Below are videos that capture the voices of students, teachers, and administrators as they discuss learning and teaching with inquiry and the Inquiry Learning Plan (ILP).

From Administrators:

After observing inquiry-driven classes and implementing the ILP, an English department supervisor provides advice to teachers and administrators. He describes the importance of flexibility and collaboration when shifting to this model. He urges administrators to support teachers by giving them “latitude to experiment” as they break from more traditional modes of teaching.

The same supervisor also notes specific adjustments he needed to make as he supported teachers in this endeavor. He discusses the importance of “letting go” of some traditional expectations in order to allow students the freedom to explore and learn beyond the information that a single teacher can deliver. The result, he explains, is the assurance that the learning is entirely theirs.

A science department supervisor discusses the value of teaming up with a school librarian during the inquiry process. She explains how she was able to rely on the teacher-librarians unique skills set throughout the process from finding resources to assessing student work. This collaboration, she points out, helped her become more comfortable with the sometimes uneasy process of “letting go.”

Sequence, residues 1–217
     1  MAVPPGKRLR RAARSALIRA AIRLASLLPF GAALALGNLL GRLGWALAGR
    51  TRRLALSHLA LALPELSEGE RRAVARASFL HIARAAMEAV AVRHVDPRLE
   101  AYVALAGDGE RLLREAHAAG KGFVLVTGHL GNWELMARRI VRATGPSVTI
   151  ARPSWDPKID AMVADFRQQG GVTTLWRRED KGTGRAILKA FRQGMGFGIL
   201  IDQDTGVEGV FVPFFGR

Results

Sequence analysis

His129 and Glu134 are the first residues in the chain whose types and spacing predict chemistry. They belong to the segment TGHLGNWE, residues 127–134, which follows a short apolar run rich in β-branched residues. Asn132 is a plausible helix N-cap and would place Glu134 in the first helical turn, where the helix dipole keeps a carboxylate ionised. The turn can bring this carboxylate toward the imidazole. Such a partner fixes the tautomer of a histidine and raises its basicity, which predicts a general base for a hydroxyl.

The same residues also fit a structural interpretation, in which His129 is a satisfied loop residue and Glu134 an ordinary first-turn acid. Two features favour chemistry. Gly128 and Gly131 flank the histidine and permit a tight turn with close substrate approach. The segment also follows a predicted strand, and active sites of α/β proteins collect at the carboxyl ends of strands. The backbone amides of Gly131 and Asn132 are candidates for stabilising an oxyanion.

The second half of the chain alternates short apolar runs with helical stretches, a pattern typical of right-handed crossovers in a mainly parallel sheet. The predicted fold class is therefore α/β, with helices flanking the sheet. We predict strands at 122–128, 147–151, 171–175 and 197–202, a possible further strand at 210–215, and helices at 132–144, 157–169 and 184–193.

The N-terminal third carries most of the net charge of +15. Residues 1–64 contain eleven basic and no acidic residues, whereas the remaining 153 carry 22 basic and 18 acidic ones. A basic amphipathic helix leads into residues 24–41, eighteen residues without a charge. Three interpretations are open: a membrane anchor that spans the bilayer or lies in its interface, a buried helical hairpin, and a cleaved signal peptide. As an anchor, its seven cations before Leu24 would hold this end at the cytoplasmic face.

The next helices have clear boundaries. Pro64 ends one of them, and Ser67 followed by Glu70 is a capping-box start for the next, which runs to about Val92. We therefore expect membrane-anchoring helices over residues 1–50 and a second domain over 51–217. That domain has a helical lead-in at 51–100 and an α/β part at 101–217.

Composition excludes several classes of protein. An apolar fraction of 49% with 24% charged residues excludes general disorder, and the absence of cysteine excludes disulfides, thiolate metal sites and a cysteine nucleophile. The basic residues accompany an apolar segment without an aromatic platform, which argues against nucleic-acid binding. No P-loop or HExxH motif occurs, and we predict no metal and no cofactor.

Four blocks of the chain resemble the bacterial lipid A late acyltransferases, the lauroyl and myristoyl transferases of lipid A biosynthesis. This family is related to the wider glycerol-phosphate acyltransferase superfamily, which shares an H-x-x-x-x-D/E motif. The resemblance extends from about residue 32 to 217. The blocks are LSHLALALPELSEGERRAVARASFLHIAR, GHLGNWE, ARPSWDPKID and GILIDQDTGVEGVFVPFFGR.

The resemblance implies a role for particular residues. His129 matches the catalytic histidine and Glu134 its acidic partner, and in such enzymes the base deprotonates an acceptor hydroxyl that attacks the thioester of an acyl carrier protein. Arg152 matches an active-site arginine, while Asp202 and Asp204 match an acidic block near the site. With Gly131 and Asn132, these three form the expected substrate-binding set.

From a Special Education Teacher:

A special education teacher shares her experience as a responsive facilitator of learning in an inquiry-driven classroom. She reflects on common misconceptions of teaching with the ILP and the importance of teacher and student interaction.

Two students in an American Literature course share their procedures for coming to and exploring their own essential questions. Another explains how and why his essential question evolved as he worked through the ILP.

A college student, a high school senior, and a high school sophomore describe the skills they learned in their inquiry-driven courses, framed by the ILP.

A high school senior reflects on her experiences with the ILP and her choice to incorporate visual texts.

From a Parent:

Will Richardson discusses his role as the parent of a student using the ILP and compares his daughter’s experience with inquiry learning to his own traditional schooling. He also explains the value he sees in this approach and its lasting impacts.